Text Only

Green Power
Renewable Technologies
Investment Information
Funding Inquiries
NewsResourcesAbout UsContact UsSearch  


Wave Energy Technology Coming to CT?

It’s Certainly A Possibility

(Rocky Hill, CT - September 24, 2001) — Two international wave energy experts will be meeting with the Connecticut Clean Energy Fund (CEF) this week to determine how Connecticut can become a major player in wave energy development.

Wave energy conversion technologies are devices that can be deployed in onshore, near shore and offshore applications to convert the energy from waves into electricity. This renewable energy form is undergoing rapid development outside the United States — and projections show that these technologies will reach commercialization within five years.

“This is the ideal opportunity for Connecticut to explore another renewable energy source,” said Charlie Moret, “With Connecticut's expertise in turbine, airfoil technology and maritime construction, we are positioned to advance the commercialization of this technology right here in the U.S. Our meetings this week are the first step to see how we can potentially develop this as a renewable energy source.”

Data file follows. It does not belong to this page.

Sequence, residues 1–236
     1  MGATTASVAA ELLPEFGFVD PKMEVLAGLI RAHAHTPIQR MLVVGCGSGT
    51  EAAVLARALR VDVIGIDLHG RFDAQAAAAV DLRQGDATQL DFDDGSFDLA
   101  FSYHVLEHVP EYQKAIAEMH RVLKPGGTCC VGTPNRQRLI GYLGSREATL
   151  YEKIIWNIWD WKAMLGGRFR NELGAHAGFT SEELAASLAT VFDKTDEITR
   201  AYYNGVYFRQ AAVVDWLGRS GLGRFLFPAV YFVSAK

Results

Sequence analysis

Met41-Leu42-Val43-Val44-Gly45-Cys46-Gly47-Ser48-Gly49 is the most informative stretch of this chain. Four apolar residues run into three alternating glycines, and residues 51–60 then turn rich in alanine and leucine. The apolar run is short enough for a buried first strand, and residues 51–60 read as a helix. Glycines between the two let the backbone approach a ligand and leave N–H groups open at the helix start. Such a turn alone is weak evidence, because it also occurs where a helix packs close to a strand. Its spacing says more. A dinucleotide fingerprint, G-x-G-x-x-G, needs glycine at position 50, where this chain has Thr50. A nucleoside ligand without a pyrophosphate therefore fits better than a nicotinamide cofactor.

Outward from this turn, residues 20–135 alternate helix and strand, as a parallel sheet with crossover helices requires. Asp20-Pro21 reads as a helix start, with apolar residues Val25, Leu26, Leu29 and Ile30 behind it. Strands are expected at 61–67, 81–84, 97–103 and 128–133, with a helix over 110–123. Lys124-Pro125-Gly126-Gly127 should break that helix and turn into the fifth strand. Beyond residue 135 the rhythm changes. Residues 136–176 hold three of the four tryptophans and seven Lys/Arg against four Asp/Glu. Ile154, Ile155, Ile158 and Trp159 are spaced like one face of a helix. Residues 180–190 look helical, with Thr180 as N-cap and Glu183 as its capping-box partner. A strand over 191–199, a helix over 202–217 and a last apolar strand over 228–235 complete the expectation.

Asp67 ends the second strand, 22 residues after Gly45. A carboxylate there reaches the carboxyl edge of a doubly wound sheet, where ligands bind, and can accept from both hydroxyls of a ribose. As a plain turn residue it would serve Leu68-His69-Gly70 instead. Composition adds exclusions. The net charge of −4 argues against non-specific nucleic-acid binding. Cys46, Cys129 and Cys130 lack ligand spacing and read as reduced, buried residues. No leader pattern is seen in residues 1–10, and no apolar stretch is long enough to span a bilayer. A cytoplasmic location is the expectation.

CEF fund managers have invited Australia and UK-based experts to lead the wave energy dialogue. The visitors from overseas will include:

Thomas W. Thorpe - a leading expert on wave energy technologies with more than 24 years experience in the industry. He is the principal consultant for the Strategic Consultancy Group in Culham, and has been instrumental in evaluating the technical, economic and environmental consequences of offshore oil, gas and renewable energy schemes for the Irish government, the UK DTI and industrial companies. He has written many white papers and articles on wave energy.

Thomas Denniss - founder and managing director of Energetech, a 10 year-old Australia-based company that specializes in the development of wave energy technology. He developed this technology after teaching high school math and achieving a PhD in oceanography. Tom began commercialization efforts for this technology in 1994, and has received positive publicity from the New Scientist, the UK financial Times Energy Report and Australian Energy News.